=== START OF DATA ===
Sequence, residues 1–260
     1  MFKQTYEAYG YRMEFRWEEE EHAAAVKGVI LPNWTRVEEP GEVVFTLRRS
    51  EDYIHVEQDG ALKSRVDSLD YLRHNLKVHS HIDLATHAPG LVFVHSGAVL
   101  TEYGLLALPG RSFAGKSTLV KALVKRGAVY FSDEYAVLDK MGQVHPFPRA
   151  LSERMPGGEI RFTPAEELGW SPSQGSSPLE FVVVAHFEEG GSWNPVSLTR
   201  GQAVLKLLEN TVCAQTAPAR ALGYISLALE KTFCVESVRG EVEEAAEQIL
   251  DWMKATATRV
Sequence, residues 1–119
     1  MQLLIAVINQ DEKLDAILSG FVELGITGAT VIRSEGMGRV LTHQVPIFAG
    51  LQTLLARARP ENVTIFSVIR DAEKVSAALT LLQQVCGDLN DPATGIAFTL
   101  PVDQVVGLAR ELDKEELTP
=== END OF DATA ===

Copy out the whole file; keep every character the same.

Sequence, residues 1–260
     1  MFKQTYEAYG YRMEFRWEEE EHAAAVKGVI LPNWTRVEEP GEVVFTLRRS
    51  EDYIHVEQDG ALKSRVDSLD YLRHNLKVHS HIDLATHAPG LVFVHSGAVL
   101  TEYGLLALPG RSFAGKSTLV KALVKRGAVY FSDEYAVLDK MGQVHPFPRA
   151  LSERMPGGEI RFTPAEELGW SPSQGSSPLE FVVVAHFEEG GSWNPVSLTR
   201  GQAVLKLLEN TVCAQTAPAR ALGYISLALE KTFCVESVRG EVEEAAEQIL
   251  DWMKATATRV
Sequence, residues 1–119
     1  MQLLIAVINQ DEKLDAILSG FVELGITGAT VIRSEGMGRV LTHQVPIFAG
    51  LQTLLARARP ENVTIFSVIR DAEKVSAALT LLQQVCGDLN DPATGIAFTL
   101  PVDQVVGLAR ELDKEELTP